Community Park: Important or Waste of Resources?
How important is your local park to your community? Yes, it is easy to assume I mean just the commercial playground, but I mean the whole park. In today’s ever-immersive media, is the local community park an endangered species?
The 2017 City Park Facts Report by the Trust for Public Land noted that there were 22,764 parks in the top 100 largest cities. They also found that 69% of people living in those cities are just a 10-minute walk from a park. You can find 365 skate parks, 420 pickleball courts, and 13,554 playgrounds in those parks.
With those big numbers, you may question if your local community even needs a public park with commercial plagyround equipment, basketball hoops, or pickleball court. Can’t the members of your community just drive to the next town and save your town the pain of researching grants and fundraising?
Let me tell you about my local community park and its role in the lives of all 948 people in the tiny little town.
The Local Park
The park itself sits on about 3.2 acres of well-watered grass. It is your typical country community park that is big on space but low on funds. The ball diamond and basketball hoops are OK but not top-of-the-line, and the tiny skate park makes a great attempt but is actually used by kids playing tag more than skater bros.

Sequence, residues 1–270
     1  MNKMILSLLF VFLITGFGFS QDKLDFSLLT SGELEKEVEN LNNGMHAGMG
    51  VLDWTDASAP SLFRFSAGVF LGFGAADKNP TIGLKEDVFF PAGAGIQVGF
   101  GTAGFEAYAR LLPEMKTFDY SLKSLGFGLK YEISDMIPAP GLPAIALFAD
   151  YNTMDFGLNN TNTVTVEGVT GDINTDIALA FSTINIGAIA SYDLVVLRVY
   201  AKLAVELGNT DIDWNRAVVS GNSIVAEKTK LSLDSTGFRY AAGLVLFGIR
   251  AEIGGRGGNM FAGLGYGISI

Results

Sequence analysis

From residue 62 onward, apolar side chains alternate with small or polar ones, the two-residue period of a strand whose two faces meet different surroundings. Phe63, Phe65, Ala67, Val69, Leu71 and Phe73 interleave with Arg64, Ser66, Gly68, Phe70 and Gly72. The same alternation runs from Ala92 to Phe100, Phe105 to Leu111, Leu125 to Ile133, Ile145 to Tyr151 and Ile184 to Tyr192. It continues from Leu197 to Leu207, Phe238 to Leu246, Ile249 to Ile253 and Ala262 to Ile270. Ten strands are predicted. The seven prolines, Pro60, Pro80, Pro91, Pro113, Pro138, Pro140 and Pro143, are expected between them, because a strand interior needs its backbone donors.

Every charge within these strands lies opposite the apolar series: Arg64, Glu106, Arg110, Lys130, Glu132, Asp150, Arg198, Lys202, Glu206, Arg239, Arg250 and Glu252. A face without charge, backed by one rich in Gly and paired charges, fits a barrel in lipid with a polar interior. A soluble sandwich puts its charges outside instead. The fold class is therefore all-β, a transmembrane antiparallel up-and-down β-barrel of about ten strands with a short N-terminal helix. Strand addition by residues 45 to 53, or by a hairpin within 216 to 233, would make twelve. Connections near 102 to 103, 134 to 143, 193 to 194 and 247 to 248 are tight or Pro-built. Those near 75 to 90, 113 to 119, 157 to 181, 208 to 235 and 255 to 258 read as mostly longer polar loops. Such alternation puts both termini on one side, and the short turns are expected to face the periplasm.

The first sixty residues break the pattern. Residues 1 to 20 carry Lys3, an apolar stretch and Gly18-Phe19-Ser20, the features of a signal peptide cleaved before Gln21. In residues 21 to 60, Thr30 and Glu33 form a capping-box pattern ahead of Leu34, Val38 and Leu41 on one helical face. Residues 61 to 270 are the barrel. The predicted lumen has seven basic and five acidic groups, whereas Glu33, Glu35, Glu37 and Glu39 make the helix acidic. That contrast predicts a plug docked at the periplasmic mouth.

The picnic pavilion is fine, and the commercial playground is OK, but nothing unique or mindblowing. There are a few swings, an old-fashioned climbing apparatus, and three chin-up bars. The park is ringed by an asphalt walk rough from the tree roots invading the path.
All in all, there is nothing that would make people drive out of their way to come to our local park. The biggest feature is the wide open, grassy spaces. Overall, it is your typical community park.
What makes it special is watching how the community uses the park.
The Community and Their Park
My house sits directly across from the park, and since I work for a playground company that is launching its commercial playground that we want to install in community parks, I have been keeping an eye on the park. I may be what they call “a bit nosy.” I keep glancing out the window, watching the comings and goings.
And you would be surprised about how much life the citizens share with the park.
There are the homeschooled kids who exit their houses and run over to play for a while, burning off some mid-morning steam. As the school day ends and the weather is nice, helmeted kids begin circling around the park on their bikes or scooters.
Little children are being pushed on the swings by their parents or climbing up on the commercial playground to zoom down the slide. There is a lot of running, playing, and, occasionally, kit flying!
Early in the morning, you will see people exercising on the path around the park. Pairs of exercising friends power walk while, later in the day, Moms and Dads appear with strollers to get some fresh air and exercise with their babies.